2021 in review: Spacing out with The Artful Escape

Not so mellow.

Hello! Over the next few days we're going to be going back over some of our favourite games and moments and themes and whatnot from this very strange year. We hope you enjoy looking back with us!

There's something magical about stories that take place in the span of a day or two. It's most often done in films, and they're usually road trips or coming-of-age stories. One of my favourites is 2002's Orange County, absent of all cynicism, where Colin Hanks' character has to decide what type of writer he wants to become while choosing which uni to go to.

The Artful Escape follows another young man, folk singer Francis Vendetti, in a sleepy Colorado town, where he's set to cover the songs of his legendary, Dylan-like uncle at a special event. However, it's not just the residents' expectations that are getting to him, but his inner musical persona that's nagging in conflict with his external personality.

Eventually, you'll find yourself in alternate, vivid dimensions cranking out huge guitar riffs in musical battles with wild-looking aliens. But the genius of the game's story is how it actually moves at lightning speed despite its mellow opening presentation. This unfolds through Francis' multiple epiphanies while you're out meeting familiar faces and wondering - daring, even - whether you should ditch the folksy persona and "come out" as the riff-monster you secretly are.

The Artful Escape trailer

These epiphanies are perfectly animated, by the way, like the rest of the game and the beautiful storybook-like design. You're engaged in conversation when suddenly, bright colours of wild realms encapsulate you. And then you jump back into an awkward pause trying to remember what you were even talking about. It's a simple trick and a rare display of something many of us have experienced.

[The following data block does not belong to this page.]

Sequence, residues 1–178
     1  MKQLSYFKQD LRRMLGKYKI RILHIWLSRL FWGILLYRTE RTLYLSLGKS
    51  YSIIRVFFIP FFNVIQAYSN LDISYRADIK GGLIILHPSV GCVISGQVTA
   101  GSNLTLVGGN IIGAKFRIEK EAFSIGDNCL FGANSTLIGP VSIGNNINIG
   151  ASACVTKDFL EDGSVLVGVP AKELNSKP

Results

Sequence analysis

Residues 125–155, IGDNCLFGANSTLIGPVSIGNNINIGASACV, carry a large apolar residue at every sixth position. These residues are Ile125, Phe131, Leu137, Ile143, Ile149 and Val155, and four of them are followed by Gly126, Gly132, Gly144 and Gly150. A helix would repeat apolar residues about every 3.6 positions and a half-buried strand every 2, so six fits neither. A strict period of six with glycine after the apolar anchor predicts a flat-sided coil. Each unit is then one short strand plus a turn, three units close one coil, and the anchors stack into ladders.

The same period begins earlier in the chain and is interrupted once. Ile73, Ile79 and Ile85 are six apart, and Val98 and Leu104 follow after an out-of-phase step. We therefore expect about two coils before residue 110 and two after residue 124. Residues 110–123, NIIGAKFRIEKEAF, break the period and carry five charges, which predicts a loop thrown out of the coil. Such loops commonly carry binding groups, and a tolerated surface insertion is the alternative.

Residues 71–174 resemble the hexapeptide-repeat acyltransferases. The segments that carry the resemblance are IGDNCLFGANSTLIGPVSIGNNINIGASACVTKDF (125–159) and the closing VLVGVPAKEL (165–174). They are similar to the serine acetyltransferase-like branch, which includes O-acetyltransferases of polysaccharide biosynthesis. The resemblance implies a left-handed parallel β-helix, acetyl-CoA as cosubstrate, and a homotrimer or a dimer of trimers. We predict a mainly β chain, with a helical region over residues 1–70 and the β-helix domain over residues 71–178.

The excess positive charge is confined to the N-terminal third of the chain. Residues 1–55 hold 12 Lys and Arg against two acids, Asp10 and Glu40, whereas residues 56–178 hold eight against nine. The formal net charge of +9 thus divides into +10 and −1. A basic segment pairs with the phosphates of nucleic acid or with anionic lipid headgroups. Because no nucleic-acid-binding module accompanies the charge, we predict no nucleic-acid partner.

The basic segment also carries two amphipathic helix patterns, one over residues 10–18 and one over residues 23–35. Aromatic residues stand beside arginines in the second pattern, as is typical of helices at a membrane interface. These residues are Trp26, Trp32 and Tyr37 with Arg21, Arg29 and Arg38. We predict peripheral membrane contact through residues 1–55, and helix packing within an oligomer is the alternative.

Francis accidentally shares his inner persona during the game's opening moments with the evasive yet interesting Violetta, where you (can - dialogue options galore!) say you're visiting planets with no names. And although there isn't quite the same mystery to it all, like a Child of Eden, the game has a confidence in its ability to charm that's unequivocal yet entirely welcome.

But it's not the musical face-offs or the delightful, floating platforming that has me thinking about this game since its release. It's those first few epiphanies. The reason why so many coming-of-age movies work is because we've all been through those periods in our lives. And I say periods when I really mean moments, specific moments where we actively decide what to do with our lives and how much something means to us.

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Cor!

The importance of these decisions is heightened even further by a fast-ticking clock. And the Artful Escape trades away any toxic notion of having to "man-up" by continuing to do what's expected of you, for special side characters telling you to simply be yourself. Francis describes his home as both a shrine and a tomb, the expectation of others being enough to bring about his demise. But with his guitar, he's free from all physical confines around him. This is a game that lets you be that great person you want yourself to be in your youth, when nobody's around and there's no judgment to face. Sometimes you just need to hear it from your life's supporting characters.

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About the author

Emad Ahmed

Emad Ahmed

Contributor

Emad Ahmed is a freelance writer covering games (among other things) and what they say about our world. His desk usually has one stack of unplayed games and another of unread books.

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